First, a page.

Stimulate Debt Awareness

Posted by By at 5 February, at 22 : 55 PM Print

by Eric J. Epstein

“Stimulus” is a short-term shot-in-the-arm that causes  a response. Government is a long-term  proposition. The  immediate results of the  American Recovery and  Reinvestment Act (“ARRA”) are mixed. The long term recipe  for this nation’s economic health requires personal and  societal discipline.

On the bright side of the stimulus equation the Market  is up, December retail sales increased by 2.8%, the  manufacturing sector grew for the last five months of 2009, and factory employment showed improvement.

Roads were paved, bridges built, and jobs created. And most die-in-the-wool conservative politicians scarfed up  stimulus money to back fill or finance state and local debt  just like their liberal brethren.

However, the structural deficit that is modern American  government will not be cured by the ARRA, arrested by  gimmicks or reversed by Fox television. Stimulus dough  will not reinvent government.

The malaise is far from rectified. Maybe unemployment has crested at 10.1%, but it will take years for employment to rebound to pre-recession levels. Local, state, and federal  deficit mountains have not been capped.  We simply switched  debt from a state to federal pocket.

This crisis is not about debating the Keynesian model.  Administrations from FDR to Reagan to George W. have  employed Keynesian injections to refuel the economy.

Our woes extend to the twin challenges of retooling an  aging infrastructure and paying down deficits. We need to  stabilize spending, address debt, and recognize that  conservatives and liberals got us into this mess. As we move  from stimulus shock to debt awareness mode, we will also  require consistency and accountability.

None of the doomsday projections blanketing the air  and audio waves provide a historical context. Many folks  seem to have forgotten the role of the Bush Administration  during their daily rants, and affix blame solely on the  shoulders of Mr. Obama’s 12 month administration.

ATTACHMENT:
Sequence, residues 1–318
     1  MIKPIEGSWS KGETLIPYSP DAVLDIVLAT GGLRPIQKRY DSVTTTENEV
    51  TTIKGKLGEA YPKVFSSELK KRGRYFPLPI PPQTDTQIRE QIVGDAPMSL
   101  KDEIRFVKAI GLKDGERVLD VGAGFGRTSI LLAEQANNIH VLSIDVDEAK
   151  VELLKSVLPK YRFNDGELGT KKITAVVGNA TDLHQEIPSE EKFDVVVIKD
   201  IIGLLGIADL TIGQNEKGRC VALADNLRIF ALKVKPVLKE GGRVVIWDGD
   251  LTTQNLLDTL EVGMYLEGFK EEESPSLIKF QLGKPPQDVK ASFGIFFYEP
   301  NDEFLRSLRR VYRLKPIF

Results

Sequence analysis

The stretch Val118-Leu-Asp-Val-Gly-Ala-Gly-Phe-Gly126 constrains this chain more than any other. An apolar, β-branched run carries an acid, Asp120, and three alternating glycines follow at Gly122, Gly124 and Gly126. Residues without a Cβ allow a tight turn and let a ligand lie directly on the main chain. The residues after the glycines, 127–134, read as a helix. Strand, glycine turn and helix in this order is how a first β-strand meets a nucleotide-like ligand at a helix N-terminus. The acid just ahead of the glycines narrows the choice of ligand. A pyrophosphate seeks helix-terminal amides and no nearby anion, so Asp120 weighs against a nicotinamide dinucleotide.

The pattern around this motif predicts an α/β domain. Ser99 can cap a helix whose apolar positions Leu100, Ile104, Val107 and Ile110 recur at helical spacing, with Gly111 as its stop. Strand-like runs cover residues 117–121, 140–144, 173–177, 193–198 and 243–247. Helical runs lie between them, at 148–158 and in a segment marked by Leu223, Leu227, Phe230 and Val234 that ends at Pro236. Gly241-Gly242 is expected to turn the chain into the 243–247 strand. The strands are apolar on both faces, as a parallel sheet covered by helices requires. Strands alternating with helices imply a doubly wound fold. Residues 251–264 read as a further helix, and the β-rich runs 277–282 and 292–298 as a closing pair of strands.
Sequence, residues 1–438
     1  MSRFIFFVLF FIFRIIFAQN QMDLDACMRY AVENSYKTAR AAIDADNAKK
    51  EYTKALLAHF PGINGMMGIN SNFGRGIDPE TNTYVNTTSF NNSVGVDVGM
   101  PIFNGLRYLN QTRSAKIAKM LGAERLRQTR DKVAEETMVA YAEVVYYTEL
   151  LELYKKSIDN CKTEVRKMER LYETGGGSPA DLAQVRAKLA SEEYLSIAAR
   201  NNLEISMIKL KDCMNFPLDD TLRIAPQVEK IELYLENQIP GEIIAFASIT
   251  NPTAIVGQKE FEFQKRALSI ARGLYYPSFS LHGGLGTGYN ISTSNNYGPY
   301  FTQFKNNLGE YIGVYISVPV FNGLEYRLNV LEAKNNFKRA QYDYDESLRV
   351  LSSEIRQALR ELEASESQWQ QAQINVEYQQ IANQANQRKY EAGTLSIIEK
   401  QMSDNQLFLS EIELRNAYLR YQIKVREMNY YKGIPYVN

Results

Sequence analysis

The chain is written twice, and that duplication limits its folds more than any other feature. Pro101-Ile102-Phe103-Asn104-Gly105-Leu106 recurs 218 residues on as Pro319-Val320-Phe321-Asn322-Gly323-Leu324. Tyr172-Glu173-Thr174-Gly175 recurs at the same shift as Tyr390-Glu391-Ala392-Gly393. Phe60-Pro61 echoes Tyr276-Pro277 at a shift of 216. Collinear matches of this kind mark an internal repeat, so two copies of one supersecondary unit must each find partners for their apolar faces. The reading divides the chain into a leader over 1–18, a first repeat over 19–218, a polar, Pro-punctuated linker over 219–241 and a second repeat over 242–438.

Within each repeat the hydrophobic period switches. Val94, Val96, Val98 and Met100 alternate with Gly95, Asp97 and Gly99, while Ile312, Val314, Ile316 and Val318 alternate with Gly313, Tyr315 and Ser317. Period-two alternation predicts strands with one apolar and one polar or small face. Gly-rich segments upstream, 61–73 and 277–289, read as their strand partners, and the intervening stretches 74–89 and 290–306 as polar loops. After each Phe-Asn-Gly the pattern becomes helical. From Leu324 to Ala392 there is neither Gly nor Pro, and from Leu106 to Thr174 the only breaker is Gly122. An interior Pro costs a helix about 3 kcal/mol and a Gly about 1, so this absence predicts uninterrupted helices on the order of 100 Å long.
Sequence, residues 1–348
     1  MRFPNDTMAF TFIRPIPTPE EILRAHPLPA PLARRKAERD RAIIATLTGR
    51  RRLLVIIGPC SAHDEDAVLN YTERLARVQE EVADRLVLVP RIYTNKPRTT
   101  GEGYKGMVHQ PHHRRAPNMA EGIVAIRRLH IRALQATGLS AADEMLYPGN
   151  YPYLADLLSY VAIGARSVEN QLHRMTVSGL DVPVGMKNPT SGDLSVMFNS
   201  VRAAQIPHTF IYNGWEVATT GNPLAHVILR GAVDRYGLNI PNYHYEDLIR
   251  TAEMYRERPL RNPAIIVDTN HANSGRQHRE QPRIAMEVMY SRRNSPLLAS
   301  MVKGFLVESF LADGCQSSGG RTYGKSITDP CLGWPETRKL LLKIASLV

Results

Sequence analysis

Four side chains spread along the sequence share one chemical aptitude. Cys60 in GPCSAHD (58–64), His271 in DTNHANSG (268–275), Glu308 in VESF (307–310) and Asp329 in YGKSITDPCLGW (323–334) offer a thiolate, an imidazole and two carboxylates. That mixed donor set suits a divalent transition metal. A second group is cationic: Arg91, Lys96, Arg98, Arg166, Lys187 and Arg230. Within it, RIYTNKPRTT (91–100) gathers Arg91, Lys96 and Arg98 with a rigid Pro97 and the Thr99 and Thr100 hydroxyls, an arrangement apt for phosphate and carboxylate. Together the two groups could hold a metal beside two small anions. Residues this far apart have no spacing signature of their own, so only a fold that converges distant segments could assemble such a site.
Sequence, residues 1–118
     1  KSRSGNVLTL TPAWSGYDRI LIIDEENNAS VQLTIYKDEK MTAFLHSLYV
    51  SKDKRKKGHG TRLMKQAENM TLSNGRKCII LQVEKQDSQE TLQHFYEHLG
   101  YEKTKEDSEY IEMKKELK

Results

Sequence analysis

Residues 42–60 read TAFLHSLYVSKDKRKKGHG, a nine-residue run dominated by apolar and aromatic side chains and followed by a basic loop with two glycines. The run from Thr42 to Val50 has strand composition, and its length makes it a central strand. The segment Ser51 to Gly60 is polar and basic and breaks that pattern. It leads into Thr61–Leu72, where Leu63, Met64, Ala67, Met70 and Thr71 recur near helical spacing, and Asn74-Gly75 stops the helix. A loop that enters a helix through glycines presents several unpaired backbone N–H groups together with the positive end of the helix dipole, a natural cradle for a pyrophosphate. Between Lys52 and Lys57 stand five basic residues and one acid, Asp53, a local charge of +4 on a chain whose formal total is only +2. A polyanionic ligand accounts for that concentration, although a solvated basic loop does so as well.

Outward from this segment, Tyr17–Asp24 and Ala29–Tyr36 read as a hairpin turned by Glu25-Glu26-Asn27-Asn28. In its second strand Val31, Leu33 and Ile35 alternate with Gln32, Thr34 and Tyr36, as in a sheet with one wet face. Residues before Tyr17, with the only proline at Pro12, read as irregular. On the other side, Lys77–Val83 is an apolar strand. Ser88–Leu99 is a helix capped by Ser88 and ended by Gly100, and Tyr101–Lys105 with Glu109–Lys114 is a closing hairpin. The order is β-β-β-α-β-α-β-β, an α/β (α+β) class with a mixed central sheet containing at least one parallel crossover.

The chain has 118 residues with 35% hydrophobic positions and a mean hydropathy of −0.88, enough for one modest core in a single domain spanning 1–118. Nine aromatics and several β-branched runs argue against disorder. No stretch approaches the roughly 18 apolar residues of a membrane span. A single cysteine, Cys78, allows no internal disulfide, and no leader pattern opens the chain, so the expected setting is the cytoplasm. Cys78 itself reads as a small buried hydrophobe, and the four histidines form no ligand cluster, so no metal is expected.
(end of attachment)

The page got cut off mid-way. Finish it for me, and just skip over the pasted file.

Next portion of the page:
Mr. Bush actually inherited a balanced budget before  going on a spending spree. Former Treasury Secretary Paul  O’Neill attempted to send a pre-recession flare. He warned  Mr. Bush that the growing budget deficit was poison for the  economy. Dick Cheney quashed Mr. O’Neill, and lectured the secretary on the finer points of priorities: “You know, Paul,  Reagan proved deficits don’t matter. We won the midterms (congressional elections). This is our due.”

Where was the tea party when Mr. Cheney announced  – on behalf ot the Republican Party – that debt didn’t matter?

O’Neill was fired in December 2002, but as Chris  Edwards of the Cato Institute noted last month, the price  we are paying for political economics goes beyond liberal bashing:

In total Bush increased spending by an average of 4.9% (after adjusting for inflation) per year, the highest by any president  since Johnson. Excluding interest payments, the increase  under Bush was 5.6% per year in real terms, nearly  matching LBJ. And – for those who think Bush only increased  spending on wars – non-interest, non-defense spending increased 5.4% annually in real dollars, which is the highest since Nixon.

It’s bad enough when consumers live off of debt. It’s worse  when conservative vice presidents argue government debt doesn’t matter. As history has clearly demonstrated, both parties are to blame for the mess we’re in.

I’ve been bemoaning budget deficits my entire career, and  proudly stand behind the bipartisan efforts of the Concord Coalition.

Ok, so stimulus loans patched a hole in a wooden tire. What  to do we  next? We educate and preach with missionary zeal that  debt matters. Debt awareness can not be a fad. It has to be a  public awareness campaign. We all need to pledge to be balanced  budget hawks

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